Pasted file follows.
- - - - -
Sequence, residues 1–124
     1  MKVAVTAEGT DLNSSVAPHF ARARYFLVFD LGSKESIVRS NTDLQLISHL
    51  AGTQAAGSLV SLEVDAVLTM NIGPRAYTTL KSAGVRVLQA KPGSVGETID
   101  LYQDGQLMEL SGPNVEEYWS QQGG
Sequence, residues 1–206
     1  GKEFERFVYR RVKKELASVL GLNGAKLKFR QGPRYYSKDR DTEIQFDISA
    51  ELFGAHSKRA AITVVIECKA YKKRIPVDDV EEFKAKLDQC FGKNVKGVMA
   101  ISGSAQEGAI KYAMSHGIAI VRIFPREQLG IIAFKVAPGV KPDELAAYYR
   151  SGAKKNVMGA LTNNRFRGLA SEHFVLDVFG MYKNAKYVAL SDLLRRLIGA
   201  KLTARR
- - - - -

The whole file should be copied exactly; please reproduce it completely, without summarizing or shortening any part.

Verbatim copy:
Sequence, residues 1–124
     1  MKVAVTAEGT DLNSSVAPHF ARARYFLVFD LGSKESIVRS NTDLQLISHL
    51  AGTQAAGSLV SLEVDAVLTM NIGPRAYTTL KSAGVRVLQA KPGSVGETID
   101  LYQDGQLMEL SGPNVEEYWS QQGG
Sequence, residues 1–206
     1  GKEFERFVYR RVKKELASVL GLNGAKLKFR QGPRYYSKDR DTEIQFDISA
    51  ELFGAHSKRA AITVVIECKA YKKRIPVDDV EEFKAKLDQC FGKNVKGVMA
   101  ISGSAQEGAI KYAMSHGIAI VRIFPREQLG IIAFKVAPGV KPDELAAYYR
   151  SGAKKNVMGA LTNNRFRGLA SEHFVLDVFG MYKNAKYVAL SDLLRRLIGA
   201  KLTARR